When going undercover meant sleeping with Arafat’s wife
Writer offered to extract pillow-talk secrets
In 2004, during the Second Intifada, Israeli intelligence officers invited two journalists to a cafe to discuss corruption stories involving Yassir Arafat, with a view to smearing the then-Palestinian Authority leader.
As the conversations got going, a third, uninvited journalist dropped in to the café on a tip-off that the meeting was taking place.
Excited by the possibility of taking part in Mossad psychological warfare, he offered to pose as a foreign writer who would seduce and sleep with Afarat's wife, Suha, in order to extract secrets from her.
Although Mossad declined this particular offer, this tale of espionage-sleaze is just one of many James Bond-worthy episodes in Spies Against Armageddon: Inside Israel's Secret Wars, a colourful new history of the history of the intelligence agency by journalists Dan Raviv and Yossi Melman.
The book was a "pure journalistic endeavour", says Mr Melman. "I didn't have to swear allegiance to any intelligence agency," he says, although the book had to be submitted to Israel's military censorship authority.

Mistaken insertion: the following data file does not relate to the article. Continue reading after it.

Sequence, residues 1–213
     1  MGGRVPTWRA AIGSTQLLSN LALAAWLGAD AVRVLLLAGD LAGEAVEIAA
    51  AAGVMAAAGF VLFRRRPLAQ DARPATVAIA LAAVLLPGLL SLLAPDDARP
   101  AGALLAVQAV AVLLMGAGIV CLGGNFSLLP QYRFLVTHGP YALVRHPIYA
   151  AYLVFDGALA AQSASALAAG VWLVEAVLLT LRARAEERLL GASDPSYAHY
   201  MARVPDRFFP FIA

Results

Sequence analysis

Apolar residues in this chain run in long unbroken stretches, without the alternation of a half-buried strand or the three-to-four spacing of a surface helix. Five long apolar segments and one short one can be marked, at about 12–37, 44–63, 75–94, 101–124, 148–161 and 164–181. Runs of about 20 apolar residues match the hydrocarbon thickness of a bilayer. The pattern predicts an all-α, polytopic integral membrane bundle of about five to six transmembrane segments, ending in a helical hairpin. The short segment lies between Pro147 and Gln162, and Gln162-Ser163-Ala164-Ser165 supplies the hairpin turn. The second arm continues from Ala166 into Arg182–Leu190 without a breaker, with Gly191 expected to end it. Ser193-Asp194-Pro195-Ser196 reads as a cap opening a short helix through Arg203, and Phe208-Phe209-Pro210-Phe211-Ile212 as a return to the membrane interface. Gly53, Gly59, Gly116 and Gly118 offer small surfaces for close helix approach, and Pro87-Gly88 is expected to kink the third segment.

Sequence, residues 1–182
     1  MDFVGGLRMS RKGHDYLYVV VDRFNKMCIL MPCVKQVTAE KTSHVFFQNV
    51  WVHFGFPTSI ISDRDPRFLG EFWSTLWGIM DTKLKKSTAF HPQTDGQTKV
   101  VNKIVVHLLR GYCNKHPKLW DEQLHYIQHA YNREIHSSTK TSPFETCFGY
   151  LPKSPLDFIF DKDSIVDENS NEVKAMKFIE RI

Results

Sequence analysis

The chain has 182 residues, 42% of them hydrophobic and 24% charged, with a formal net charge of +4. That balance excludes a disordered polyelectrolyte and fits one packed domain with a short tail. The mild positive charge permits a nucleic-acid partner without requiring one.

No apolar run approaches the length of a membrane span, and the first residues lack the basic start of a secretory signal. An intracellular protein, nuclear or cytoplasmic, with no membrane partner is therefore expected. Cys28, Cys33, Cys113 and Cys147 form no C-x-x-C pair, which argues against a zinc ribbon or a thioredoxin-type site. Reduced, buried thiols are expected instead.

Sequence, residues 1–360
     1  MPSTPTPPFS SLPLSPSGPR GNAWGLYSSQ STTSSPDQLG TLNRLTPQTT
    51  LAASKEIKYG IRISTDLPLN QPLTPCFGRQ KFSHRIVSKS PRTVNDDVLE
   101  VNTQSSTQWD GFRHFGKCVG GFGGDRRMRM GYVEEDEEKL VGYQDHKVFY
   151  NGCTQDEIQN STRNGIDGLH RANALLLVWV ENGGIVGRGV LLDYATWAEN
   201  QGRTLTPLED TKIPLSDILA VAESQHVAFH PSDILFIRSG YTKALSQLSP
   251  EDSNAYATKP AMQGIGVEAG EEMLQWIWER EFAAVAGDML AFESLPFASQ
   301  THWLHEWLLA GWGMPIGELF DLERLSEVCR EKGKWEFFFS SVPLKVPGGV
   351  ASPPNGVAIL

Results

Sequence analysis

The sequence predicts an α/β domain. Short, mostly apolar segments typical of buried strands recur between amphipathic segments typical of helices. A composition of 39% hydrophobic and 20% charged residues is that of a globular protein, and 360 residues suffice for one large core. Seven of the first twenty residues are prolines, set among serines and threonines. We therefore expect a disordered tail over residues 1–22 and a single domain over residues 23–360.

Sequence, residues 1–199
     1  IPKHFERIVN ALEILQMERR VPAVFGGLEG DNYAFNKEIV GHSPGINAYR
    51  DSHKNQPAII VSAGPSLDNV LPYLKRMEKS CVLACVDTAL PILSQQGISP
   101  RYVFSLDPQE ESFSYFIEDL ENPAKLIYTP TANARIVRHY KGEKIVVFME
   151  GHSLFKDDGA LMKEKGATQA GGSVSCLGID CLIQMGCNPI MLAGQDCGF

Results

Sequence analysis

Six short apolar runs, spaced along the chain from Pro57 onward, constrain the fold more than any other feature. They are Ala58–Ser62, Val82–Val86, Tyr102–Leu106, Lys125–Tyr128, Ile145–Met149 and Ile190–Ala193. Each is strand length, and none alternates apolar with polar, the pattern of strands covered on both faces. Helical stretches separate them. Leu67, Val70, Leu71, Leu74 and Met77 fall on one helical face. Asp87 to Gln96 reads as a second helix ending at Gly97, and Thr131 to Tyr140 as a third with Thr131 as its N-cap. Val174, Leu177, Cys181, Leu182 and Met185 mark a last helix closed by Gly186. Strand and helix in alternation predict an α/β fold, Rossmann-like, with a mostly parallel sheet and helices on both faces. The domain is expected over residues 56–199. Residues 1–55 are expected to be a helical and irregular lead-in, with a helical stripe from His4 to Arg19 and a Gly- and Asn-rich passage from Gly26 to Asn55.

Spy-glamour aside, Spies Against Armageddon has a serious aim: to dispel myths about Mossad, the spy agency that inspires the greatest number of conspiracy theories in the world.
On the Munich Olympics murders in 1972, the widely-held view, as disseminated by books and at least two films, was that Mossad embarked on a global vengeance mission against those who carried out the attacks.
The book argues that Mossad targeted Palestinian cells not as revenge but as part of long-term strategy to disrupt the PLO terror infrastructure in Europe.
The proof of this, Mr Melman says, was that two of those assassinated post-Munich were only indirectly involved in the Olympic attack. They were, however, key players involved in ongoing operations against Israel.
"Most of Mossad's work is in intelligence gathering. Only five per cent are special assignments, and very few of those involve killing," Mr Melman says.
A case in point was Wolfgang Lotz, who joined Mossad in the early 1960s and was one of the agency's true 007s. He almost certainly assassinated no-one - his skill was in using his "convivial nature" and "passion for women and wine" to work his way into Egyptian high society and extract defence secrets from generals. Using a tiny radio hidden in a riding boot, he telegraphed reports to Tel Aviv.
As John le Carré noted, the best spooks do not kill their enemies - they make friends with them.